calibre-logo_thumb.pngOne of the biggest Kindle strengths is that, in theory, it does not need manage books on PC. Amazon wants you to use its online store as eBook manager. Make sense - that is, for Amazon. For those of us with large PDF libraries laying around on the hard drives, there is a need to manage and sync books between PC and Kindle somehow. Suggested by Kindle's tech support option is to use MobiPocket reader. This is generic eReader for all kinds of mobile devices like phones and PDAs, it does not have anything Kindle-specific but it can convert various document and eBook formats to .prc or .mobi that Kindle can understand.

How good it is? Not very. First of all, it is confusing. It comes in two shapes, as "Creator" and "Reader" with overlapping functionality. The interface is not clean and well defined and you really need to learn your way around and spend time to get used to it. After some learning curve, it is usable. You can import document into library, it'll get converted and then you can send it to "mobile device". At version 6.2 it has no option for Kindle and, when you send book to device, it'll store it in the eBook folder in the root directory. That means you'll have to open windows explorer and manually move it to Documents folder where Kindle can find it or set up a file watcher and write a script to automate process. All this little inconveniences are not a huge deal, but you'll feel kind of like you are working for boring accounting firm while managing your e-Library.


I have tried to find replacement for MobiPocket with little success, most of what I found was even worse and got wiped out of PC after few painful steps to make it work. And that included one of the early versions Calibre – free open source one-man project that at time looked a little bit limited in functionality and buggy. Last week I came across announcement about new release with a link to the video (below) and decided to give it another try.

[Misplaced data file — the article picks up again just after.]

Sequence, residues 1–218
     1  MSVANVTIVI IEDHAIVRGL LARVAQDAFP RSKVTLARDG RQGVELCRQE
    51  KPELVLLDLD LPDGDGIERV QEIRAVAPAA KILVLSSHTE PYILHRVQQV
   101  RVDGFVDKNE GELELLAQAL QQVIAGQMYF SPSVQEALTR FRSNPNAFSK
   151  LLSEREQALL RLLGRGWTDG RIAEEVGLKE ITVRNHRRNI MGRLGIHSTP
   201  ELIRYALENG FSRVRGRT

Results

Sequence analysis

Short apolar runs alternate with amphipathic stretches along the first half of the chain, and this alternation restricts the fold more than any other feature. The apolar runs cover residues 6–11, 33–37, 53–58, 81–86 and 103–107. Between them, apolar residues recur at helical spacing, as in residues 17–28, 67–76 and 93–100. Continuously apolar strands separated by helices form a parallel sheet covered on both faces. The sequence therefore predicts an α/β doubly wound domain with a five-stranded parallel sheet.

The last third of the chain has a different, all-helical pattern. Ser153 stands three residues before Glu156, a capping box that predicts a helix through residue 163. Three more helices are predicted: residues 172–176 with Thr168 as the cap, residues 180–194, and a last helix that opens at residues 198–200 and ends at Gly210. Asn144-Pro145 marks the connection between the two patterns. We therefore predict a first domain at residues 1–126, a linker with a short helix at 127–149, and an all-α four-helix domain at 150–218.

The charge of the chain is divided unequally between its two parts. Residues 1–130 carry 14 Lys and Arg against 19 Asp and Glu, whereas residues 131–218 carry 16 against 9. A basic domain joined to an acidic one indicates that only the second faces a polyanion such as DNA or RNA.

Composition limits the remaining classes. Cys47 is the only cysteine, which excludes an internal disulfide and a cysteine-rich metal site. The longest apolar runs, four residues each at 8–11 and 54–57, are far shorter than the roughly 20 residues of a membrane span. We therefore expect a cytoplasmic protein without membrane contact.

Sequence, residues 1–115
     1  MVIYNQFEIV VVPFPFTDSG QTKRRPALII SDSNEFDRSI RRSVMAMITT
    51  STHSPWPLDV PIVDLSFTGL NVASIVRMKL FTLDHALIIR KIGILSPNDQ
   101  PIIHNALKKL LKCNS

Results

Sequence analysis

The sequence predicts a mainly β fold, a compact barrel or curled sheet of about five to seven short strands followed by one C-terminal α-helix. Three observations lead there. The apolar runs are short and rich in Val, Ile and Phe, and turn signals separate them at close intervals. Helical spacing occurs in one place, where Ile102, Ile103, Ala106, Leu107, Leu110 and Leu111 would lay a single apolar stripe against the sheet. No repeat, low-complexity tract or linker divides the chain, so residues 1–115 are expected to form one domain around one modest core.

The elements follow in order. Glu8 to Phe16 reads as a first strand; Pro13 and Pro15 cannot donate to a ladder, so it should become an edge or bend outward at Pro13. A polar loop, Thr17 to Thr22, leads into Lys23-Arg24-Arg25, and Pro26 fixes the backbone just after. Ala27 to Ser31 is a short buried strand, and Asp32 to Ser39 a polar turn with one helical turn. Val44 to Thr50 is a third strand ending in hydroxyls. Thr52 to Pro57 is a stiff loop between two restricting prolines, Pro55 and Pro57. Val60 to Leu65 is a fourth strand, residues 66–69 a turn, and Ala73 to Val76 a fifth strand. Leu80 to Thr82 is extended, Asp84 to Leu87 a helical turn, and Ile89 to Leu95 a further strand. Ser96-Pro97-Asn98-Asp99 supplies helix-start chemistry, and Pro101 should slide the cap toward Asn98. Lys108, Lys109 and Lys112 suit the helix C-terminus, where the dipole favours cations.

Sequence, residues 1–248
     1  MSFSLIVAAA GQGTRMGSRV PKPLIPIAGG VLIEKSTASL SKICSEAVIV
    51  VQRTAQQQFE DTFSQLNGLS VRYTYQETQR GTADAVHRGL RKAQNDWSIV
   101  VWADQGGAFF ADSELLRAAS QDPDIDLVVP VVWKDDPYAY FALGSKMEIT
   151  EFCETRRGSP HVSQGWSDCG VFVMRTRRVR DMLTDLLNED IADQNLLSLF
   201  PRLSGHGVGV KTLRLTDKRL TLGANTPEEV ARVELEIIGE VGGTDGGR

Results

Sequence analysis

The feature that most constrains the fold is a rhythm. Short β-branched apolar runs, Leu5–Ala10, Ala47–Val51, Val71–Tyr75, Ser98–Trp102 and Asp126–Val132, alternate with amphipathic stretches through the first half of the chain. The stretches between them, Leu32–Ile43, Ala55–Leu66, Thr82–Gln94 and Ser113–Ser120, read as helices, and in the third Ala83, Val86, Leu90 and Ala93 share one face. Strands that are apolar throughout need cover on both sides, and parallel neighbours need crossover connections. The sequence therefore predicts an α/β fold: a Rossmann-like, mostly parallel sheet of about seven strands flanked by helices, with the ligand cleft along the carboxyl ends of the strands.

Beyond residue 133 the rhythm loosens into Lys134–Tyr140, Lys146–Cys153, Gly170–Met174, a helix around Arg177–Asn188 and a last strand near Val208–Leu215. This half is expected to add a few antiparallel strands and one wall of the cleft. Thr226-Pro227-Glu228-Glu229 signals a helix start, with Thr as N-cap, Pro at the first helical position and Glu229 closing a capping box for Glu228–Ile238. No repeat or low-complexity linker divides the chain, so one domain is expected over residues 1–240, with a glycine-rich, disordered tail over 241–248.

This time around, I liked it instantly. Here are features that won me over.

  • Somewhat easier to use. The interface seems to be more logical and basic workflow more streamlined. Generally, you just click “add books” to get book into library and then “send to device” to sync it to Kindle. And it will convert it to right format and put in the right place.
  • Rich in functionality, especially compare to previous version I played with. It gained a lot by 0.6 release.
  • Nice path from easy basic mode to advanced functionality. As you play with it, you discover new features and, if it looks useful, add them to your toolbox. This is much better than to parse overloaded interface in search of basic “how do I just add a new book”.
  • Plays well with Kindle. Even though it is also generic book reader just as MobiPocket, it does list Kindle as a device choice and understands Kindle specific rules perfectly.
  • News reader - a killer feature. You can choose from many available RSS feeds to be downloaded on your Kindle, including some of the most popular blogs and magazines, or add custom feed. Brilliant!

After a week of intense using it is my default e-Book manager and Kindle companion. If you’ve seen better option, let me know and I’ll be interested to look it up.


For Amazon it seems like competition is worming up lately with Barnes & Noble moving into eBooks business, Sony releasing new readers, Google sitting on huge pile of eBooks and investing in Android, Apple tablet rumors... I hope Amazon will take a note and start doing something on application side of things, opening up APIs and creating some sort of Kindle platform so everybody can benefit.